The University of California, Berkeley, introduced Dania Matos, the school’s new vice chancellor of equity and inclusion, in July.

Matos, who goes by the pronouns she/her/ella — naturally, because she is a woman and those are pronouns that identify women in English and Spanish — stated that she/her/ella wants the university to be “a place where people feel that their humanity is affirmed and that they develop as transformative practitioners — a place that they’re proud to be a part of.”

To pay tuition ranging from $57,604 to $181,020 over four years, one would presumably have to be proud of it. But speaking of tuition, it is bureaucratic positions such as Matos’s that result in people paying such bloated tuition prices.

Christopher Rufo pointed out recently that this diversity bureaucrat's salary is $325,000 per year — good work if you can get it. The most natural question is what she does to justify such a grotesque salary. She epitomizes why colleges are to blame for high tuition.

“Honoring the ideals of diversity, equity, inclusion, belonging and justice is about perpetuating beauty in the center of injustice,” Matos said in an interview with Berkeley News. “To do that we must confront our enduring legacy of slavery and the structural inequities that founded this nation with actionable solutions that lead to transformative change.”

Fortunately, slavery ended about 160 years ago, but that won't stop people such as Matos from making a pretty good living keeping it as alive as possible. Indeed, doesn't her $325,000 salary and all of the waste that it implies throughout the University of California system contribute to structural inequities? Young people start off life at a financial disadvantage precisely because they have to pay for the ludicrous salaries of silly and completely unnecessary bureaucratic positions such as “vice chancellor of equity and inclusion.”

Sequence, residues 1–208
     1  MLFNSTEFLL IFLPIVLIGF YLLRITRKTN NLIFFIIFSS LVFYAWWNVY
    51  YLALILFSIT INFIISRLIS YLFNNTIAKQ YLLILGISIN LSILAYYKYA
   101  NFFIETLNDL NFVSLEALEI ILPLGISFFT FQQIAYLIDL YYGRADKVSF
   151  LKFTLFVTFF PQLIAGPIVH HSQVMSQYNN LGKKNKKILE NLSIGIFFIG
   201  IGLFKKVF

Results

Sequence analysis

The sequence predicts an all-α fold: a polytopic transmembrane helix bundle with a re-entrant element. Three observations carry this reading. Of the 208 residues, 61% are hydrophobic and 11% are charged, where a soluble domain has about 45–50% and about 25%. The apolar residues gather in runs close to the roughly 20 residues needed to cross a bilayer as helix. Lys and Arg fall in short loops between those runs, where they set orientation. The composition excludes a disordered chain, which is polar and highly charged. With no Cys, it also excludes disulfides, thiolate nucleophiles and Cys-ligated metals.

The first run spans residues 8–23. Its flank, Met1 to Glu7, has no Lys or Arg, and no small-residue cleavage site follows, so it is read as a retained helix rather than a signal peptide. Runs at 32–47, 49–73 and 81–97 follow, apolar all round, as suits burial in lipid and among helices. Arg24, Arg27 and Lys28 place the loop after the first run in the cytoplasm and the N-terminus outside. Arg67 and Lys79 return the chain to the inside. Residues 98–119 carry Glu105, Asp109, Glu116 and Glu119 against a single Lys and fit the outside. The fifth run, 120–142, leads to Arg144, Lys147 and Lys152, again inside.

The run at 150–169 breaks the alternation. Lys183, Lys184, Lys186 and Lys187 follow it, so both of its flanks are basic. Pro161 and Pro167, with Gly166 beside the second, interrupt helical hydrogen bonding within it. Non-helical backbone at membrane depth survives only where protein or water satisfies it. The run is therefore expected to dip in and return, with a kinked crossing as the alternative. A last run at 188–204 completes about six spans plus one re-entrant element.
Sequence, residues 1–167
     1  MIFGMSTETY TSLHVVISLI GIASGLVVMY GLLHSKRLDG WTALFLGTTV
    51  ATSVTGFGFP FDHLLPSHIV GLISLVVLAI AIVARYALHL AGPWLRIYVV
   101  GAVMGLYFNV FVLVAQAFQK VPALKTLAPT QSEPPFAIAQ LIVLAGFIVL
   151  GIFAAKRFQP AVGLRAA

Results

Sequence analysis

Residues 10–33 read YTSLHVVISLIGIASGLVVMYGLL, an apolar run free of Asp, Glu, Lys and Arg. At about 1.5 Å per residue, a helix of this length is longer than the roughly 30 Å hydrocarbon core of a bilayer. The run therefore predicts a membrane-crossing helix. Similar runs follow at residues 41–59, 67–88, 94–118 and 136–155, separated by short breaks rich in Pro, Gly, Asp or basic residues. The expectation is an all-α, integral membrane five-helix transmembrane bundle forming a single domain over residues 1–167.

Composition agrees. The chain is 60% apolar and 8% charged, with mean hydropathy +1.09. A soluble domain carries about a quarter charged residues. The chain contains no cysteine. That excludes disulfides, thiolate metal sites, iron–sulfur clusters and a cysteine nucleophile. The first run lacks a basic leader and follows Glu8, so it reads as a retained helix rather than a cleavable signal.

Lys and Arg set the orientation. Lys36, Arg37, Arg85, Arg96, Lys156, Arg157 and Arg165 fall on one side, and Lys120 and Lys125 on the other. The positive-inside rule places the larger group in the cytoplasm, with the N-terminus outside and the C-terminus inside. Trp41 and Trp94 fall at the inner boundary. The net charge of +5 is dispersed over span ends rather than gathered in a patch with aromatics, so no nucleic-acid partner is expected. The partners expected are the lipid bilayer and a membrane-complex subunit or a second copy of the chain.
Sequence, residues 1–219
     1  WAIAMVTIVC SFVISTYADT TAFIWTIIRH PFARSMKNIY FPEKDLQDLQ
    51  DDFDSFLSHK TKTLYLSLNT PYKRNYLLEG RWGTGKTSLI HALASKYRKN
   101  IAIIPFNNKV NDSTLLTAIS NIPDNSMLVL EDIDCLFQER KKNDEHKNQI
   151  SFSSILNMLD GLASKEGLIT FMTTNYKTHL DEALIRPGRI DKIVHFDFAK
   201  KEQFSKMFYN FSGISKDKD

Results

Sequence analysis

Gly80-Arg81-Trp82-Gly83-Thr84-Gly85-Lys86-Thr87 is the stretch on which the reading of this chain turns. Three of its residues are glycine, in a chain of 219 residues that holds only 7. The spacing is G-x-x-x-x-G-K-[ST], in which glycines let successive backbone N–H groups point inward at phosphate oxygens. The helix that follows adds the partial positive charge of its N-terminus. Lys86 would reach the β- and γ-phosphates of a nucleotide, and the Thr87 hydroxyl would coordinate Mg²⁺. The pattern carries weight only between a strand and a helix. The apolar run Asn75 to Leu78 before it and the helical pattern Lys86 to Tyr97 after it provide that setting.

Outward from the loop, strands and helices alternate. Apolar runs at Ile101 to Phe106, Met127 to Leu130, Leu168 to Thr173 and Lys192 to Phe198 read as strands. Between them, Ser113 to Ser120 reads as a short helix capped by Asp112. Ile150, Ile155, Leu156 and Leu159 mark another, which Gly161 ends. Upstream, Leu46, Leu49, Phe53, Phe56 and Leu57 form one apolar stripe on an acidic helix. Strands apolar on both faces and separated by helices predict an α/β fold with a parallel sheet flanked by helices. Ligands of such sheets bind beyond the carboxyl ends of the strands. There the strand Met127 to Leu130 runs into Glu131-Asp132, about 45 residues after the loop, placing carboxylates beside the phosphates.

Since 1978, college tuition has increased a staggering 1,375% — eight times faster than wages, according to Forbes. High-paying and mostly useless bureaucratic jobs are partly to blame. And while it is fashionable to demand student loan forgiveness from the government, the main culprits are the colleges themselves. Schools are dishing out cushy, six-figure salaries for jobs that at best contribute nothing and at worst brainwash students or implement toxic ideologies such as critical race theory.

Furthermore, considering the fact that a significant number of graduates ends up in occupations they most likely could have obtained without a degree, it can be legitimately argued that colleges are expensive diploma mills, more concerned about keeping their resident grifters fat and happy than they are about preparing students for the real world. This leads to a negative return on investment.

Congress should investigate the causes behind tuition inflation, and it should start with the ballooning salaries of useless positions such as that of Matos. The institutions formerly centered on the pursuit of knowledge may be frequent critics of capitalism, but they know better than anyone else how to milk the system.